Dholakiya et al. (2014)
|Dholakiya et al. (2014)|
|Title:||A Micro-Level Examination of Content Takedown’s Consequences|
|Author(s):||Krishna Dholakiya, Nurin Mustapha, Ben Niu, Andrew Yang|
|Citation:||Dholakiya, K., Mustapha, N., Niu, B. And Yang, A. (2014) A Micro-Level Examination of Content Takedown’s Consequences. CSCW 14 February 15-19, Baltimore, Maryland, USA.|
|Key Related Studies:|
|About the Data|
|Data Description:||This qualitative study consisted of interviews with 6 video-content creators that had experienced a takedown of their content from an online platform.|
|Data Type:||Primary data|
|Secondary Data Sources:|
|Data Collection Methods:|
|Data Analysis Methods:|
|Cross Country Study?:||No|
|Government or policy study?:||No|
|Time Period(s) of Collection:|
“This research involved conducting interviews of varying length, with individuals, specifically video content-creators who had inconvenient and upsetting content takedown experiences across Internet platforms like YouTube, Facebook, Twitter, YouKu, and Douyin. The results were used to analyze the relationship between the users’ experience and understanding based on the interviews, and the true extent of policy, ownership, and recourse available to them officially. We found that there is a notable knowledge gap between what the users understand and believe and what is actually true of the platforms’ policy and recourse. A sense of intimidation and defeat among users was also found as a result of this gap. Such knowledge gaps and feelings also seemed to vary across platforms, potentially due to different policies.”
Main Results of the Study
The study has three main findings:
• First, there is a consistent “knowledge gap” between the user’s expectations and understanding of a platform’s policy, and the actual policy. Often, layperson understandings of copyright law do not always align with legal definitions.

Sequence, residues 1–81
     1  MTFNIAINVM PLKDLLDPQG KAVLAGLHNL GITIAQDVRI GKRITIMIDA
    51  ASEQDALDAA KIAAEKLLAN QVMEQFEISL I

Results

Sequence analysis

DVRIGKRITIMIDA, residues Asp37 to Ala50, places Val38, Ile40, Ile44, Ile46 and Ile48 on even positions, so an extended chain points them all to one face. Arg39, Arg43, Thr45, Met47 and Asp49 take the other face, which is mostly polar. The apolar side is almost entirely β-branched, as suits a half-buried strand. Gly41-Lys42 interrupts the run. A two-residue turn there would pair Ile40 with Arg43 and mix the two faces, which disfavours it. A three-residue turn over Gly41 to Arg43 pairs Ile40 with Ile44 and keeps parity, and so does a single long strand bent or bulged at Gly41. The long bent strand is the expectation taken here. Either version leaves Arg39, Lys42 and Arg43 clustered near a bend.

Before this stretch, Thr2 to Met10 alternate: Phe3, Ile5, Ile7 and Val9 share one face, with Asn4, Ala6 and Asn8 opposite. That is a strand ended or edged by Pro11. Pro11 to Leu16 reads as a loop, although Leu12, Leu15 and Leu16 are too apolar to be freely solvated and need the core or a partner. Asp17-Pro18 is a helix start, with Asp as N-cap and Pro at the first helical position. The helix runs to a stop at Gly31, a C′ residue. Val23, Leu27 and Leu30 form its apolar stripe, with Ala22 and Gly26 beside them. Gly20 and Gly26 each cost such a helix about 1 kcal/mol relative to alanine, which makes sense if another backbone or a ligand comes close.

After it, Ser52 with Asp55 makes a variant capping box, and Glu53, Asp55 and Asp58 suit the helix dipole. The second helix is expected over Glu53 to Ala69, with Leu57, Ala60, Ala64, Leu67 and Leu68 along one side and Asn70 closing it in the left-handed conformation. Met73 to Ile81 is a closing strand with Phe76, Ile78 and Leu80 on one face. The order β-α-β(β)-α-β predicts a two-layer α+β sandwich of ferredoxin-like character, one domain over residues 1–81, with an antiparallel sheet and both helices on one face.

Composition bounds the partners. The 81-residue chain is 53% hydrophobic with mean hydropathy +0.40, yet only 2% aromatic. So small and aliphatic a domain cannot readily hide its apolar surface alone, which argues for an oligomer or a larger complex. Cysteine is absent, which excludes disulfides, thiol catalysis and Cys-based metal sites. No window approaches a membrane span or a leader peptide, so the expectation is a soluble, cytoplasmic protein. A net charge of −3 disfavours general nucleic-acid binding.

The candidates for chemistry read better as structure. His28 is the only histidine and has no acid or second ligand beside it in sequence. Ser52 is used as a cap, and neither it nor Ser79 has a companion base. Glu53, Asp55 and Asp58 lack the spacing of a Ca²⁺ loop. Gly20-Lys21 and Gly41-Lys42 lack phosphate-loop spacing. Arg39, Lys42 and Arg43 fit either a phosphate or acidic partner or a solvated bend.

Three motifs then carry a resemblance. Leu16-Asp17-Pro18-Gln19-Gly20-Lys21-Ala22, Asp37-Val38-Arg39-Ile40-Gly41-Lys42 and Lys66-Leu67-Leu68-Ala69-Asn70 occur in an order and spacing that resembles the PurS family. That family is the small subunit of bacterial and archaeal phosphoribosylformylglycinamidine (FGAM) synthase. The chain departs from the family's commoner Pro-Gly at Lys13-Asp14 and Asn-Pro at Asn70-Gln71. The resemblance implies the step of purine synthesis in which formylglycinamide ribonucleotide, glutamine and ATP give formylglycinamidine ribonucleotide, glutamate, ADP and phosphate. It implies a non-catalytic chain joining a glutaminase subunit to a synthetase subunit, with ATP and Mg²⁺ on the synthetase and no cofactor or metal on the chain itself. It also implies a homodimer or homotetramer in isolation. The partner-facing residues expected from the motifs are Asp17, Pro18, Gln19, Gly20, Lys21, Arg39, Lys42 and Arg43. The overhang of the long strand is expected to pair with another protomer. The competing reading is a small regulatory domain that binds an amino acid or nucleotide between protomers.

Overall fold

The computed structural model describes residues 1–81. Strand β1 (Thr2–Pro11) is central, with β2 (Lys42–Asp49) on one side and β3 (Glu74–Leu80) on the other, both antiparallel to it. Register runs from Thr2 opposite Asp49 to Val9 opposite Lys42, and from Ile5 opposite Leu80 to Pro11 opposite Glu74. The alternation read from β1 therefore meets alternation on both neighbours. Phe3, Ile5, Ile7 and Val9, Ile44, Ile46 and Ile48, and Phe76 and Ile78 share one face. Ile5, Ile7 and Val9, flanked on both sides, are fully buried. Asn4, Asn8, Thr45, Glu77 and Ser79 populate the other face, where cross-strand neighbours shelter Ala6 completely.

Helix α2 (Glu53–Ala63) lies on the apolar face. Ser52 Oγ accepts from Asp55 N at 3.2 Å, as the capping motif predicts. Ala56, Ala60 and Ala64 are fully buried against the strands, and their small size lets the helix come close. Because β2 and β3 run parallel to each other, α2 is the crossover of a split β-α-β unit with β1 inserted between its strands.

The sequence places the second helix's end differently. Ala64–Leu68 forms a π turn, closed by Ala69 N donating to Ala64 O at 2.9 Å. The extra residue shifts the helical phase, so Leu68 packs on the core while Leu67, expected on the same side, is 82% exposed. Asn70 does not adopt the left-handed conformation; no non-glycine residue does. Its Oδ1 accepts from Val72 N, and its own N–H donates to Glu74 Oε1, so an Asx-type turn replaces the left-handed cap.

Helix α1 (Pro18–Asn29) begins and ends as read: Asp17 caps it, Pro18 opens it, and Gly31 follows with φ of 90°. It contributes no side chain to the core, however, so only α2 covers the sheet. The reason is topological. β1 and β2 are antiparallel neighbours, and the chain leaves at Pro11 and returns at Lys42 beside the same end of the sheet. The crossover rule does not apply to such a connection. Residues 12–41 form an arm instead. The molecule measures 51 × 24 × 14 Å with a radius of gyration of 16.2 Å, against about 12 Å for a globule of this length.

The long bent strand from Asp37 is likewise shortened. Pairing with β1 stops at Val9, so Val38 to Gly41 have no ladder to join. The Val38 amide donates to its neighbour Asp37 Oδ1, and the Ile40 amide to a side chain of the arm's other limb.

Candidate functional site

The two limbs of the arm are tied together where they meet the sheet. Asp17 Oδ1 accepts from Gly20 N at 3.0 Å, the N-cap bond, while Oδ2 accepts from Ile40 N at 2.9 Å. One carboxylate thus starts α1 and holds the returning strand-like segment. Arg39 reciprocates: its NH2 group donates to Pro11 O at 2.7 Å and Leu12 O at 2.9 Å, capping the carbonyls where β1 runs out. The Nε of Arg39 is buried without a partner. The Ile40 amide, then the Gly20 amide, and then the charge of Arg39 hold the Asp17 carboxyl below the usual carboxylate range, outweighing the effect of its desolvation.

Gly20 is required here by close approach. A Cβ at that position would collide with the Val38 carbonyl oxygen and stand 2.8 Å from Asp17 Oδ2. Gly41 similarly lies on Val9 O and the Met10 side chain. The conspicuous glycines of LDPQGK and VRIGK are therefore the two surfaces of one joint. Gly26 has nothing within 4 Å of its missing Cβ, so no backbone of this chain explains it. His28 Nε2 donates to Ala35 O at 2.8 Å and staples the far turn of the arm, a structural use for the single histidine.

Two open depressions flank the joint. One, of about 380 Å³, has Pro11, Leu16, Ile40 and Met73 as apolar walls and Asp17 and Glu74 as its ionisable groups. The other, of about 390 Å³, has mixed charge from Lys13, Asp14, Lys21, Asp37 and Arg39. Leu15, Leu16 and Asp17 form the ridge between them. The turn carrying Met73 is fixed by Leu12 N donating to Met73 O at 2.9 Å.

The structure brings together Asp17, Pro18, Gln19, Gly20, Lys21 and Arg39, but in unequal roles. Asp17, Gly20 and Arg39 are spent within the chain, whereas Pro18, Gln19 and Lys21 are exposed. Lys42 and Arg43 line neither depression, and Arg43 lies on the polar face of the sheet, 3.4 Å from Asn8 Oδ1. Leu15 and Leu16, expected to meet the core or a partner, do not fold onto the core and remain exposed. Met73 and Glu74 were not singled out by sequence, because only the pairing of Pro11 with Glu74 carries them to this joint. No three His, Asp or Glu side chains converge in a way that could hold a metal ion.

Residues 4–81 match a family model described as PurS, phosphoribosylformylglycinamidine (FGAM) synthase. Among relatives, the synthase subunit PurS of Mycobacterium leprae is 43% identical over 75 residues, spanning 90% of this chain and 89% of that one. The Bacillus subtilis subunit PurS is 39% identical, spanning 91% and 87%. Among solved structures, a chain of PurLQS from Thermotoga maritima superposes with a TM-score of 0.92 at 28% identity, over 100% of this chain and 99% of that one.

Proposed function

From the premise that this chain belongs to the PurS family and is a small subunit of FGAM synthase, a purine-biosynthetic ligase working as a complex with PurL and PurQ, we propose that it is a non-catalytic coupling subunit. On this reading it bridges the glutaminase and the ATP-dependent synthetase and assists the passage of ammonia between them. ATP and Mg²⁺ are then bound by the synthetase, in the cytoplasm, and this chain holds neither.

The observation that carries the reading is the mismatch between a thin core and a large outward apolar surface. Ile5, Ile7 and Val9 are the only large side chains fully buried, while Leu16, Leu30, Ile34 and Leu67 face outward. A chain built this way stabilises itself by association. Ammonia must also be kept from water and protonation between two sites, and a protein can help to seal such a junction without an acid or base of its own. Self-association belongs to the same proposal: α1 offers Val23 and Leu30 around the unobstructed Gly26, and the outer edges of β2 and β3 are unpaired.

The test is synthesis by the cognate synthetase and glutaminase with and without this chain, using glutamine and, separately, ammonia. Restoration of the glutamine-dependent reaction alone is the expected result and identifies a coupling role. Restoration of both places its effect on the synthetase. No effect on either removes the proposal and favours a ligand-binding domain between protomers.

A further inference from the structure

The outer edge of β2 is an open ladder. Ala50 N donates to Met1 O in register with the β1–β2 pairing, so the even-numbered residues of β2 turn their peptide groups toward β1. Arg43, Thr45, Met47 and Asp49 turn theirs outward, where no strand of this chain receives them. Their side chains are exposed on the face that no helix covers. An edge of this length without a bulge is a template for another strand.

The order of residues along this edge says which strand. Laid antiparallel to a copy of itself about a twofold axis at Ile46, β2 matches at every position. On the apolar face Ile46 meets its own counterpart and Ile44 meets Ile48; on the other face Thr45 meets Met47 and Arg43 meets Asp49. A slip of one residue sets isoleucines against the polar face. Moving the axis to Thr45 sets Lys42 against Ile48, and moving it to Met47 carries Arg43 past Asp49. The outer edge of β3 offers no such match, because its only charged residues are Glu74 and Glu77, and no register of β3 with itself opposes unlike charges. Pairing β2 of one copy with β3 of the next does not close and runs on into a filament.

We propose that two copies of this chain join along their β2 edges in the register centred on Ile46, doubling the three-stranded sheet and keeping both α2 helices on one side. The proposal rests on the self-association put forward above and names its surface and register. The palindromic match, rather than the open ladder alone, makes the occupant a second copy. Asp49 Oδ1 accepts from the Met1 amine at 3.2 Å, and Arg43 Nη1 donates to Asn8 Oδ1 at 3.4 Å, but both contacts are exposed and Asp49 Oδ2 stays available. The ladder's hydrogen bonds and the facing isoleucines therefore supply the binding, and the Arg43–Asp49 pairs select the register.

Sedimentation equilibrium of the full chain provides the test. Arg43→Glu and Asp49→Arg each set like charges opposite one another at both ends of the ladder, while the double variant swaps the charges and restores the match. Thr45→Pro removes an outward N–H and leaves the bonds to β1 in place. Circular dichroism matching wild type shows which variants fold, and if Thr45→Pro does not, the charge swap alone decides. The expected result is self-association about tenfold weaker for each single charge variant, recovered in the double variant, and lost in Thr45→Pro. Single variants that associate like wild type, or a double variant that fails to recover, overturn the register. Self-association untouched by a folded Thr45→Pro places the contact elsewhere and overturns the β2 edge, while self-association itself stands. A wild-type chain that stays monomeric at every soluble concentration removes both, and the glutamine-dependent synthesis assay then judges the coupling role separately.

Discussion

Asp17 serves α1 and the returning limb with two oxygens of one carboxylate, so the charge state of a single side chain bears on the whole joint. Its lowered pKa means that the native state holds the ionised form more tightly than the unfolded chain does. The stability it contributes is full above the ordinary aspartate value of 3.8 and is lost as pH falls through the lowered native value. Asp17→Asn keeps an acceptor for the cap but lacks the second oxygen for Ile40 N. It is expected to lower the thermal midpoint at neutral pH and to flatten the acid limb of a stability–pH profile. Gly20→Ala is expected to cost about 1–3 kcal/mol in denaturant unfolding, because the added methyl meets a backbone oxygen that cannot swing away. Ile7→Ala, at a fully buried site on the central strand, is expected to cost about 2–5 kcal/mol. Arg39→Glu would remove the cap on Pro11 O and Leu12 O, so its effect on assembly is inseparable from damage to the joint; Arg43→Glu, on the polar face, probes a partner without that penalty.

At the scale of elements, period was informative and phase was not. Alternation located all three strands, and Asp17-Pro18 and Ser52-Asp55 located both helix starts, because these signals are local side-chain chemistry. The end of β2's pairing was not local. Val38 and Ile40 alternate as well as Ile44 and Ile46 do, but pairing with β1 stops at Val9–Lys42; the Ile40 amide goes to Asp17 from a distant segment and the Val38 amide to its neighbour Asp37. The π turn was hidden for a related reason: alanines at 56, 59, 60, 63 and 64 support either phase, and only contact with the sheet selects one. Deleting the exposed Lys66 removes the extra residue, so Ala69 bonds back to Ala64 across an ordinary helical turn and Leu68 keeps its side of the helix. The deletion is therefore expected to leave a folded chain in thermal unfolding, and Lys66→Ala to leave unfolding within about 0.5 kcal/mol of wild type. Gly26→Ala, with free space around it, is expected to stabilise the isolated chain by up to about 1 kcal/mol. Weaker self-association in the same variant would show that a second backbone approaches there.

• Second, there is a sense of either intimidation of the user by the platform and/or a defeatist perspective from the user. This may be exacerbated by the large size of the platform and use of legalese. Conversely, some users exhibit empathy towards platforms where they perceive the takedown to be a natural, and acceptable response to their behaviour.
• Third, users tended to perceive different platforms as having different standards of leniency/strictness, and recourse for creators whose material was removed. Some platforms may be preferred depending on the type of content concerned, or perceptions of “fairness” and accessibility.
Policy Implications as Stated By Author
Whilst the authors do not provide any explicit policy recommendations, they do caution on the “ethical imperative” to close the identified knowledge gap in user expectations and reality (which may be causing “chilling effects” on freedom of expression). Creating “human layers” of accessibility to algorithm information may assist in closing this gap, as well as reducing the noted feelings of intimidation and fear.